A former state representative candidate out of Northwest Philadelphia is now facing maximum fines at both the city and state level for failing to file campaign finance reports during the 2012 primary election season.
Malik Boyd, who ran unsuccessfully in the 198th Legislative District, owes the city $500 for not submitting a report as an individual candidate and on behalf of his political action committee. Boyd hit that total, an even split between the two documents, on May 10.
Boyd similarly owes the state $1,000, which is $500 for each report over the course of two filing cycles.
State prosecution unlikely
City officials, for their part, don’t have the jurisdiction to go after Boyd.
“Everything is in Harrisburg’s hands, whether they want to prosecute or not,” said Timothy Dowling with the City Commissioner’s Office, which oversees elections.
Ron Ruman, spokesperson for Secretary of the Commonwealth Carol Aichele, who oversees state elections as part of her duties, said it’s unlikely any action will be taken against Boyd.
The amount, he said, is just too small to warrant either turning the matter over to the state Attorney General’s Office or pursuing it in Commonwealth Court.
“For a $1,000, it would cost us more to go to court,” said Ruman. “It’s not worth pursuing it.”
Boyd, who sought to represents residents in Mount Airy, Germantown and Nicetown, did not return several calls seeking comment on the reports.
Chelten Plaza controversy revived
While the fines are not astronomical, the unfiled reports leave a big unanswered question for a number of Germantown neighbors: Did controversial developer Patrick Burns contribute to the campaign?
Patrick Burns, who heads Pulaski Partners LLC, is behind the Chelten Plaza development which drew the ire of some residents for his decision to bring in, what they deemed, low-quality tenants.
As a member of Germantown Community Connection, a nonprofit organization, Boyd had a front-row seat to what was, at times, an extremely contentious battle between members of the community and Burns.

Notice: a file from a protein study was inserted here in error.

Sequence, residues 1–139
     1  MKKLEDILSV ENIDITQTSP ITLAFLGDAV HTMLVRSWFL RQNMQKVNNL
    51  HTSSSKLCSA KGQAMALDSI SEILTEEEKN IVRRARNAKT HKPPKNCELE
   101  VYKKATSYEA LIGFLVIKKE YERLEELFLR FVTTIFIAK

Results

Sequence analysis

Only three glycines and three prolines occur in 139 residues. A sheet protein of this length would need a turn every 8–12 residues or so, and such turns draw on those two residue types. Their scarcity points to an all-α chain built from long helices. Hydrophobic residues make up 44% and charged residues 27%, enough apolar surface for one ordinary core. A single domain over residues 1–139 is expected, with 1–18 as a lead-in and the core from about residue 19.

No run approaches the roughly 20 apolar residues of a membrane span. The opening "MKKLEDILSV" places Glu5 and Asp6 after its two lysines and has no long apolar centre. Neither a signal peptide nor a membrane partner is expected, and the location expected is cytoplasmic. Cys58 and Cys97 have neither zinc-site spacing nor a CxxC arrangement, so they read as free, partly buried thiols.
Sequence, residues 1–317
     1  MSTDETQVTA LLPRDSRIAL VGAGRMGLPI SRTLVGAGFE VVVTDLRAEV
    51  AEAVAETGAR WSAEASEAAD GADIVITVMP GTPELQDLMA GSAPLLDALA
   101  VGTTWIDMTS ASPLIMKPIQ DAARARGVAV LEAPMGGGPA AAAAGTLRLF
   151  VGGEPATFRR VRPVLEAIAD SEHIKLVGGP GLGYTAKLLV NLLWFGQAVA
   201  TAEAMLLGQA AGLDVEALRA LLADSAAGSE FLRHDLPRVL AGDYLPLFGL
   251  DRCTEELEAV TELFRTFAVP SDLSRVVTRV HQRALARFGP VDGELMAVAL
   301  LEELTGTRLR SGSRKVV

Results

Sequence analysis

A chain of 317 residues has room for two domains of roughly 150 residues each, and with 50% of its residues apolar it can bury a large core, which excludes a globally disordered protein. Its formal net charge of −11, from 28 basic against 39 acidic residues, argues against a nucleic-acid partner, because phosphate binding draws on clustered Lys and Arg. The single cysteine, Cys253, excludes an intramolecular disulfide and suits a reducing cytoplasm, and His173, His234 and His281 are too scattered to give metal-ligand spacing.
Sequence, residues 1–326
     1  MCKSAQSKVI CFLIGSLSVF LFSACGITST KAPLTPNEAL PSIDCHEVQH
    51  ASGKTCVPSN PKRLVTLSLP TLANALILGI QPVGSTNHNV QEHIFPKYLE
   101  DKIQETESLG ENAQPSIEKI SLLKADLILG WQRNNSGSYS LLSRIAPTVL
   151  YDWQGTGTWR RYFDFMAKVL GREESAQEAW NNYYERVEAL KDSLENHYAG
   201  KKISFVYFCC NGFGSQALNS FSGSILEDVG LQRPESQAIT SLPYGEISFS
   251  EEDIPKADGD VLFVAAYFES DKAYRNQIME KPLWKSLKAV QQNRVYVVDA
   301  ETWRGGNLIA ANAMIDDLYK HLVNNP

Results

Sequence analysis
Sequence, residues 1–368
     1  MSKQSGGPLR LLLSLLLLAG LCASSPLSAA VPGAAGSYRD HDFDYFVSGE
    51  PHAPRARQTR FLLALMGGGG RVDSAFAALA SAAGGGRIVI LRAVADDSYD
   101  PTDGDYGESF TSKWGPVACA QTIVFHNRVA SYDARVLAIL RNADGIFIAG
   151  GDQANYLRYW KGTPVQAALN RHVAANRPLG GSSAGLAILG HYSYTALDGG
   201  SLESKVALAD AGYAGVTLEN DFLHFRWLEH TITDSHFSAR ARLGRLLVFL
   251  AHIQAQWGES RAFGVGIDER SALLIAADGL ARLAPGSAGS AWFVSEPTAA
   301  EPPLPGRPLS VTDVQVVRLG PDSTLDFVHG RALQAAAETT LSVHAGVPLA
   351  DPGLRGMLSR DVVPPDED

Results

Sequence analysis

Boyd backed the project, leading some to question whether his support stemmed from a promise of campaign dollars from Burns.
Burns confirmed Tuesday that he did contribute to Boyd’s campaign. However, he said it was not about his support for the project.
“I thought he was a good, likeable guy. We were well past the point where support for the project mattered,” Burns told NewsWorks. “I would still support him in the future.”
Asked about Burns in early April – shortly after the Democratic primary – Boyd told NewsWorks that he “couldn’t even begin to comment on stuff like that.”
“Individuals aren’t talking about campaign contributions, they’re talking about jobs,” he continued. “My campaign is community focused and has been since day one. The campaign reports will be out and have been out.”
Plans to challenge Rep. Youngblood again?
If the Germantown resident’s concession speech holds true, voters will see his name scrawled across campaign literature just two years from now.
Ruman said if Boyd doesn’t file campaign finance reports in future runs for office, state officials could become more interested in collecting as the total increases.
Boyd came in third in a three-person Democratic primary. Incumbent Rosita Youngblood took home her 10th primary win and, barring unforeseen events, will also win in November’s general election. There is no Republican challenger.